vanitas still life, dirck de horn

At first sight, this is a table laden with a collection of odd objects, but a 17th-century observer would immediately understand what the painter intended to put across with this still life.

The silenced violin, the laurel-wreathed skull as well as the empty seashells are all metaphors of mortality and death triumphing over life.

Vanitas still life, Dirck de Horn, circa 1650

Vanitas still life, Dirck de Horn, circa 1650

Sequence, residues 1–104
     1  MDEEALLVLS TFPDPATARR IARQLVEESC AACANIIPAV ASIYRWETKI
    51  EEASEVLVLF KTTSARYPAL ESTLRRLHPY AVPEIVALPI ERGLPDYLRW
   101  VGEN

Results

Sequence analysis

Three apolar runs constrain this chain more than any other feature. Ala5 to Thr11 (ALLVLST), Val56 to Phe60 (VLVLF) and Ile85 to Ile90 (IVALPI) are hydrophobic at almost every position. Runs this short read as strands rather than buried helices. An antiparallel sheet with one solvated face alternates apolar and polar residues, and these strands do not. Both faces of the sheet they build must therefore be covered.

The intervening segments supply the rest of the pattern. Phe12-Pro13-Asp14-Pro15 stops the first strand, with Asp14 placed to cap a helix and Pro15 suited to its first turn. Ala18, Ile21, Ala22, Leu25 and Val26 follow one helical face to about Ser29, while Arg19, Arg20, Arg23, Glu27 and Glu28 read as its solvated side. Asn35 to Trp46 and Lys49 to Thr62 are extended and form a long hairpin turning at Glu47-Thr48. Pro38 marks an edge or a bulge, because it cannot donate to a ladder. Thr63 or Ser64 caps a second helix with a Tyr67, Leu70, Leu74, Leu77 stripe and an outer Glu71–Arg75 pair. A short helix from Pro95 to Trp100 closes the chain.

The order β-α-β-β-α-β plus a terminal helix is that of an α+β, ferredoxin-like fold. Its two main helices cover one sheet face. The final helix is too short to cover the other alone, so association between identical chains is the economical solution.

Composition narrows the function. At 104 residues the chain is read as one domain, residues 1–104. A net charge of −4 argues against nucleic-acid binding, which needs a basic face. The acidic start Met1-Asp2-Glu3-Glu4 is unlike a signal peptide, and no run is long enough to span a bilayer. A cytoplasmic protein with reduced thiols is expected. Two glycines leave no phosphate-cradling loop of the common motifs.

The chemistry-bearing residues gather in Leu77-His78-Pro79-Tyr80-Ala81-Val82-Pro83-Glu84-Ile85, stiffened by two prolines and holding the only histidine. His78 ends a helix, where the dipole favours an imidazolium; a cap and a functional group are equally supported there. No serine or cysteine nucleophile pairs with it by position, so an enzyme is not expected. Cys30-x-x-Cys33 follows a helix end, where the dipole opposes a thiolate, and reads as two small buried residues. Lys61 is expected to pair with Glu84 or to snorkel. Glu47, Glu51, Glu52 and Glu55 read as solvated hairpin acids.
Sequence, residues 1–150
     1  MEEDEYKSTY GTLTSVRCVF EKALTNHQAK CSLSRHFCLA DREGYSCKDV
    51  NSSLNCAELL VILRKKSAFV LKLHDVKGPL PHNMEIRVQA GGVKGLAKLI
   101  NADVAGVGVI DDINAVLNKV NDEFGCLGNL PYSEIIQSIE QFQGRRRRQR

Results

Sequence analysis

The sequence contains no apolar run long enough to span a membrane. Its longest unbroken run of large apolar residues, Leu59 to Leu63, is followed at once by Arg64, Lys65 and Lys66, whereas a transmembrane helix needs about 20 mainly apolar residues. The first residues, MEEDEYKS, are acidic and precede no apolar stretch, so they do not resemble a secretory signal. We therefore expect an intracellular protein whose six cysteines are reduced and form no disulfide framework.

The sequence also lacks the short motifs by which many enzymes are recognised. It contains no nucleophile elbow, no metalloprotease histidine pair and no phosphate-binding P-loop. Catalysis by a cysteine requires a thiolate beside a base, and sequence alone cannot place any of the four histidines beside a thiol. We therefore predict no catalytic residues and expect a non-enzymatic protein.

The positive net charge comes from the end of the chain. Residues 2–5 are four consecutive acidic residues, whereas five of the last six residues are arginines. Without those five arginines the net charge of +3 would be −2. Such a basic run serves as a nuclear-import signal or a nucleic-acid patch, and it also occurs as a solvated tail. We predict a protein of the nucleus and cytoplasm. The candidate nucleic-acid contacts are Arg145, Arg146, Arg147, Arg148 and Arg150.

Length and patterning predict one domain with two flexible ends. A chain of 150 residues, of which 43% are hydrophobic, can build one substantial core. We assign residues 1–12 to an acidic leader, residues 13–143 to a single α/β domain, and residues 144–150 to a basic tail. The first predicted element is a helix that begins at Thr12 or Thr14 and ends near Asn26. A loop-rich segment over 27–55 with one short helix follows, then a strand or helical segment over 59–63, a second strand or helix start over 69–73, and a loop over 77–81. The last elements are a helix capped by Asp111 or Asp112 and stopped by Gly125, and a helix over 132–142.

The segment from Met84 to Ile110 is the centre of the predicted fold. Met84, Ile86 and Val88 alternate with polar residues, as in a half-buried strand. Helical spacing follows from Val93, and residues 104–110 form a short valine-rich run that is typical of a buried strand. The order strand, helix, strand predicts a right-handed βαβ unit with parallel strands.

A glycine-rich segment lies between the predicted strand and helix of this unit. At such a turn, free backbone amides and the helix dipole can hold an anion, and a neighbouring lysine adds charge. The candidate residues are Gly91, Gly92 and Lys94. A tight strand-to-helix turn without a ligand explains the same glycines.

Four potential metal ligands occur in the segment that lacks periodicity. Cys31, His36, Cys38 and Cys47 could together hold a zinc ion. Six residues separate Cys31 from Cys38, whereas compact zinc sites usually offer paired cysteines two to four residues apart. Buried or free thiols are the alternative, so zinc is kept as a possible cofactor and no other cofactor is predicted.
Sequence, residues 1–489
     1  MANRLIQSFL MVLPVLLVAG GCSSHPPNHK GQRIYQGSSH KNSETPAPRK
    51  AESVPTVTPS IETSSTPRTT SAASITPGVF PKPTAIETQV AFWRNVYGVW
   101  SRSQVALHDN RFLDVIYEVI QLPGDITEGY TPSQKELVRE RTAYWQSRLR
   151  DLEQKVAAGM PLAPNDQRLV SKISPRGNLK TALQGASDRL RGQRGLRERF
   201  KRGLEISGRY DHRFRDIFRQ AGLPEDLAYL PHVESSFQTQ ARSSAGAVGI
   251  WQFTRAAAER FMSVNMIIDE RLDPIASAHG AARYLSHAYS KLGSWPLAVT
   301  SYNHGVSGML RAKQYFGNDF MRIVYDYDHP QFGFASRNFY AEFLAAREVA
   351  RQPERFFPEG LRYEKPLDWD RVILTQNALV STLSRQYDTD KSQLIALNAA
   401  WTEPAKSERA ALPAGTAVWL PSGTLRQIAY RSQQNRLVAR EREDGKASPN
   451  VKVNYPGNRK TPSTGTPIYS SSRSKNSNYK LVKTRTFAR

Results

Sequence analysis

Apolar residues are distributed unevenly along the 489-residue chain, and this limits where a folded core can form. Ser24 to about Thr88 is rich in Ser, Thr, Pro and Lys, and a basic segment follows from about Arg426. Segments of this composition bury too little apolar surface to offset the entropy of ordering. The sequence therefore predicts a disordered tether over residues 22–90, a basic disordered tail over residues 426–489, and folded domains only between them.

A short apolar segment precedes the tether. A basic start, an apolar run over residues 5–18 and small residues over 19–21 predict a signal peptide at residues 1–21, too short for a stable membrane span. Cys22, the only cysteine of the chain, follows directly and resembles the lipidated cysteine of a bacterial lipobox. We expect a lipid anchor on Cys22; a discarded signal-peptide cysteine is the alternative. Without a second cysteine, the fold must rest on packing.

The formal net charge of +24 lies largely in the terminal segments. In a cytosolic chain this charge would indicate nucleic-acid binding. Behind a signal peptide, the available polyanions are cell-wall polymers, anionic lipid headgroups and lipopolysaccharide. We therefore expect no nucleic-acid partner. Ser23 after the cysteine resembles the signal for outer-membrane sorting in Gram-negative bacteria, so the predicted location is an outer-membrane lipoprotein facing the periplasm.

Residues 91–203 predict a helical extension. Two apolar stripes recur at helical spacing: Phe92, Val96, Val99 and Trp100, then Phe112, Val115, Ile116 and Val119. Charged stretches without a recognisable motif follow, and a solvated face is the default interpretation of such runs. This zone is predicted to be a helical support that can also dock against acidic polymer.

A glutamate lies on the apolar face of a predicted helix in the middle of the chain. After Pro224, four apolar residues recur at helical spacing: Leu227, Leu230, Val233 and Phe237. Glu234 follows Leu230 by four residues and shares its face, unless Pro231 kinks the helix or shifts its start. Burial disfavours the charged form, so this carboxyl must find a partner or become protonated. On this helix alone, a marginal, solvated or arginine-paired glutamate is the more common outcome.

In this work the painter also brought a homage to science and art: the two plaster heads and the foot refer to the art of sculpture, the violin refers to music and the globe refers to the science of astronomy. At the same time, the work demonstrates the painter’s skill in making life-like representations of shiny objects, witness the gleaming  gold goblets and the shells.